About a third of residents thought their residency training would not prepare them to perform obstetric ultrasound and interpret images, and more than three quarters wanted more formal training. About a quarter thought their residency training would not prepare them for gynecologic ultrasound, and almost 90% wanted more formal training.
More than half of the obstetrician/gynecologists thought that ultrasound was the responsibility of their profession. About half reported being comfortable performing pelvic ultrasound. A large majority agreed that it was important to have a formal curriculum in gynecologic ultrasound in OB/GYN residency programs.
Canada’s post-graduate programs appear to have a need for more gynecologic ultrasound training.
Green J, Kahan M, Wong S. Obstetric and Gynecologic Resident Ultrasound Education Project: Is the Current Level of Gynecologic Ultrasound Training in Canada Meeting the Needs of Residents and Faculty? J Ultrasound Med. 2015 Sep;34(9):1583-9
Ultrasound is a critical diagnostic imaging tool in obstetrics and gynecology (Ob/Gyn). Obstetric ultrasound is taught during residency, but we suspected a gap in Gyn ultrasound education. Proficiency in Gyn ultrasound allows real-time interpretation and management of pelvic disease and facilitates technical skill development for trainees learning blinded procedures. This study sought to evaluate ultrasound education in Canada’s Ob/Gyn residency programs and assess whether residents and physicians perceived a need for a formalized Gyn ultrasound curriculum.
We distributed a needs assessment survey to residents enrolled in Canadian Ob/Gyn residency programs and to all obstetrician/gynecologists registered as members of the Society of Obstetricians and Gynaecologists of Canada. Residents were asked to specify their current training in ultrasound and to rate the adequacy of their curriculum. All respondents rated the importance of proficiency in pelvic ultrasound for practicing obstetrician/gynecologists as well as the perceived need for formalized ultrasound training in Ob/Gyn residency programs.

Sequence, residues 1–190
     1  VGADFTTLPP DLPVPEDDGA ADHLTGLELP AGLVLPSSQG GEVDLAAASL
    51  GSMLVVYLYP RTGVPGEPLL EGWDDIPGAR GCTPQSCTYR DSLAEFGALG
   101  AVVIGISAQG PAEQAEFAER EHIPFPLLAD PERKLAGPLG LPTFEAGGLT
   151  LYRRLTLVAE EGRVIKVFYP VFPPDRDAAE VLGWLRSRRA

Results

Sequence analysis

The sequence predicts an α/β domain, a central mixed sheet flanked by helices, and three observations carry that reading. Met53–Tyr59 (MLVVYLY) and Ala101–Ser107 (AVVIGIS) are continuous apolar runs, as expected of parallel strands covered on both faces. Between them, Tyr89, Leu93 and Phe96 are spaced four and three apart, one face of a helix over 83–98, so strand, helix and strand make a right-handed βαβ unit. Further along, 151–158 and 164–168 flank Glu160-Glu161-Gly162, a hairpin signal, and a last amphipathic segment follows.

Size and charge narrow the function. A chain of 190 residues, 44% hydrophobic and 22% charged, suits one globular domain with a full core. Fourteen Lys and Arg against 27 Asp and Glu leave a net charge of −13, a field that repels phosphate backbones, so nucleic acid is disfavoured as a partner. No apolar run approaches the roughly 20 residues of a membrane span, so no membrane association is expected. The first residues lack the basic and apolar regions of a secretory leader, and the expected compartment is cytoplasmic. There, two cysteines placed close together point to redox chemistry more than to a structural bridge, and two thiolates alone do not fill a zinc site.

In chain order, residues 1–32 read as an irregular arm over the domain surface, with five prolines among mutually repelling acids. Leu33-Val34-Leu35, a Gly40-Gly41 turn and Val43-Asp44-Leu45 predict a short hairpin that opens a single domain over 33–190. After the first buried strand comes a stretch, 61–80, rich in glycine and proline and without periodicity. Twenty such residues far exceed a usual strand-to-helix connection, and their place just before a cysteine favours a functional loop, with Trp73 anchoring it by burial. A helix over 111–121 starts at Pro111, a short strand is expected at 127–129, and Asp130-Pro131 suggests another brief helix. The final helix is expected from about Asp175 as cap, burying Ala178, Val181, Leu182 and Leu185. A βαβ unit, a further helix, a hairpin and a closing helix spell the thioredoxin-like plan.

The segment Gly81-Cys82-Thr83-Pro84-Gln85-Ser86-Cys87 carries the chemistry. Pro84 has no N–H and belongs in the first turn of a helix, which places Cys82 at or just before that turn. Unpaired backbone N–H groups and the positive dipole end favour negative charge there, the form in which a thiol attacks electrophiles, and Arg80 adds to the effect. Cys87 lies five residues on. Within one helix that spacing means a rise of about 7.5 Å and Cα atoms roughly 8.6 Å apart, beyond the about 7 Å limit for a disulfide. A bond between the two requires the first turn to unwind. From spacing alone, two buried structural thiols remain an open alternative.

Eighty-two residents and 233 physicians completed the survey. Extents and types of ultrasound training varied across residency programs. Most residents reported inadequate exposure to Gyn ultrasound, and most residents and physicians agreed that it is important for obstetrician/gynecologists to be proficient in Gyn ultrasound and that the development of a standardized Gyn ultrasound curriculum for residency programs is important.
Current ultrasound education in Ob/Gyn varies across Canadian residency programs. Training in Gyn ultrasound is lacking, and both trainees and physicians confirmed the need for a standardized Gyn ultrasound curriculum for residency programs in Canada.
To read the article, visit the AIUM website.
SonoSim Keywords: Ultrasound Education, Obstetrics, Medical Education, Canada